With more 90 than million Roman Catholics, Mexico has the second largest number of Catholics in the world after Brazil. It also has some of the most vibrant celebrations of Good Friday – the day Christ is believed to have been betrayed by Judas, sentenced by Pontius Pilate, and crucified.





      Good Friday procession in San Miguel de Allende, Mexico


Good Friday commemorates the day of Christ’s crucifixion. On this day in Mexico there are solemn religious processions in which statues of Christ and the Virgin Mary are carried through town. Reenactments of the day of crucifixion also take place in almost all communities in Mexico on Good Friday. These reenactments often become a large theatrical production (the Passion Play) which is performed during all or most of Holy Week. The main focus of these reenactments is the entrance of Jesus into Jerusalem, the Last Supper, the Betrayal, the Judgment, the procession with the cross (Via Crucis: Stations of the Cross), the Crucifixion, and the Resurrection. 



     Good Friday celebrations in Oaxaca City are truly memorable.


     The Roman soldiers at the Good Friday procession in San Miguel de Allende.


San Miguel de Allende is especially noted for its observances during Holy Week and which we were fortunate to witness during the years we spent in this charming city. The focus for much of the Good Friday pageantry is the “El Señor de la Columna” Christ image, which is brought from the Sanctuary of Atotonilco outside of San Miguel de Allende and which is paraded among the various churches of San Miguel from the Sunday before Palm Sunday to the Wednesday after Easter when it returns to Atotonilco.





"Once a year for nearly 200 years, the faithful have gathered at the shrine of Atotoniclo at midnight two Sundays before Easter. They remove images of Nuestro Señor de la Columna, Saint John and Mary and place them on platforms to be carried approximately 7 miles to the San Juan de Dios Church in San Miguel de Allende. Nuestro Señor de la Columna is a life-size image of a bleeding Christ leaning heavily on a column. His ribs are exposed from flogging and his cheek bears the scar of the Judas kids."  Credit:  http://blog.antiguacapillasanmiguel.com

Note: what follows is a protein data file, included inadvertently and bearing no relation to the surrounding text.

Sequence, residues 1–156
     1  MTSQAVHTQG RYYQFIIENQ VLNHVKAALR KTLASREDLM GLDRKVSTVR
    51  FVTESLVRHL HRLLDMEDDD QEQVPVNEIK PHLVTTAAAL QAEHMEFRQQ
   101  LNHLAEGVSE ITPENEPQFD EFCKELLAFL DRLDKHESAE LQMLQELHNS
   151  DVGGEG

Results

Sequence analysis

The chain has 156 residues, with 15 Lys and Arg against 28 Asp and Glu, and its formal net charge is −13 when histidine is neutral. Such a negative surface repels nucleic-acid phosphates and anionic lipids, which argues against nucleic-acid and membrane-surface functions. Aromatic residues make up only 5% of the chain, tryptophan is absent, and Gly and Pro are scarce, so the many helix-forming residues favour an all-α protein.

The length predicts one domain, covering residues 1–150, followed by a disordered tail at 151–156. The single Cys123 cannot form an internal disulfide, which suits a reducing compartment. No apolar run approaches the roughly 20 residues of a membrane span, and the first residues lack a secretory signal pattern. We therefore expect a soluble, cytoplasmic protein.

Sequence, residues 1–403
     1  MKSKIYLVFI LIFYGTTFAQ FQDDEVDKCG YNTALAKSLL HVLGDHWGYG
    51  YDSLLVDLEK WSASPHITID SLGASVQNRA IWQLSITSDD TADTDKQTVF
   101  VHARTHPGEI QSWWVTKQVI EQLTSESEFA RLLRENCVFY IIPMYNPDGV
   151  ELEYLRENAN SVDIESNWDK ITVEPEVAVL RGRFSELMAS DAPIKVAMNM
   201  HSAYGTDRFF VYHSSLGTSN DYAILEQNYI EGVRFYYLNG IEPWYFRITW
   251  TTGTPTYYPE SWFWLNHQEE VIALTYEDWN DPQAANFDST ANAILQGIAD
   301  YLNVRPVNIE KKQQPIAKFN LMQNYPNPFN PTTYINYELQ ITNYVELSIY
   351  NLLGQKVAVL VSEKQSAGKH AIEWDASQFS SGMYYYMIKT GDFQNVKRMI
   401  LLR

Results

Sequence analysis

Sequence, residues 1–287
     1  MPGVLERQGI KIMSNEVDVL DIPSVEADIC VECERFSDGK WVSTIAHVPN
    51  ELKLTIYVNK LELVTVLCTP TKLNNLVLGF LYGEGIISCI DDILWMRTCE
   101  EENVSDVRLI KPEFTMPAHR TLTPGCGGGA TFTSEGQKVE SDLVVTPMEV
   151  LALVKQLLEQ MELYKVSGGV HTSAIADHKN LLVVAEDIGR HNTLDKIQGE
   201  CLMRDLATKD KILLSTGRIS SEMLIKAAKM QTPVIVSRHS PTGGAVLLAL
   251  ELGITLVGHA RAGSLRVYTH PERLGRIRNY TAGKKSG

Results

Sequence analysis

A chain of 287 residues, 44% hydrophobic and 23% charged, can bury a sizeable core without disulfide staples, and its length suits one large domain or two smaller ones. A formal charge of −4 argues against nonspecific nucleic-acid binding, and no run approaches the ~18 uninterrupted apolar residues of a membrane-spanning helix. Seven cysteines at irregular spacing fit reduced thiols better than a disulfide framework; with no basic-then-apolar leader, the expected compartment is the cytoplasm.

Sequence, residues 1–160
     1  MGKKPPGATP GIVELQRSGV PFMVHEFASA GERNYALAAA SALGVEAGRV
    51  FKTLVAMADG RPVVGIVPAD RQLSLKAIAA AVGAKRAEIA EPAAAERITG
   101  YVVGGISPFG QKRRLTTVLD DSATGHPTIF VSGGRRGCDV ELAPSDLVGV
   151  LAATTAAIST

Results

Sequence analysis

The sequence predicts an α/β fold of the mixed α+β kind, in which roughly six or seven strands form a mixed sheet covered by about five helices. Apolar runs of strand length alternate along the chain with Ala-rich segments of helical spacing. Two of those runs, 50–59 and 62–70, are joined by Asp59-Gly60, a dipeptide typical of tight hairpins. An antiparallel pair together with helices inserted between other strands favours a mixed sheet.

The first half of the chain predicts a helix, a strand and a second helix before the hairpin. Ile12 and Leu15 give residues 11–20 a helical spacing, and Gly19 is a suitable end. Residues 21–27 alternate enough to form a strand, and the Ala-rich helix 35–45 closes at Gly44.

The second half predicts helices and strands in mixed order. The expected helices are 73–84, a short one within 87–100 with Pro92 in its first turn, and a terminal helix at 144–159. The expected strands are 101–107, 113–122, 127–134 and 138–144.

On Good Friday, “El Señor de la Columna” Christ image is carried to La Parroquia, the parish church on the main plaza of San Miguel, accompanied by residents dressed as disciples of Christ and as Roman soldiers. At noon, images of the Holy Family, the disciples, Mary Magdalene, and John the Baptist are carried in the Good Friday procession through the city streets. At dark, the images reappear in another procession, but dressed in black and accompanied by somber drumbeats. During the evening procession conchero dancers may also appear dancing in honor of Christ at the main plaza. See my blog posting dated March 6, 2015 on the Fiesta de los Concheros at the following link:  LOS CONCHEROS






  There are many images to be remembered from the Good Friday procession in San Miguel de Allende.

Holy Week in San Miguel de Allende concludes with the ritual of the burning of Judas on Easter Sunday, not Holy Saturday as is more common elsewhere in Mexico. Holy Week and Good Friday are truly special occasions in San Miguel and which I can highly recommend. Just be sure to make your travel arrangements with plenty of advance notice! 



Good Friday procession from La Parroquia (the parish church) of San Miguel de Allende.

Like San Miguel de Allende, the city of Oaxaca has truly special and moving Holy Week and Good Friday celebrations. We were fortunate to be living in Oaxaca City when we witnessed our first Good Friday processions in Mexico. Each of the local churches in Oaxaca City has it’s own procession which involves carrying their church’s statues of Jesus and Mary through the downtown streets. There are also processions in which only women of the congregation participate.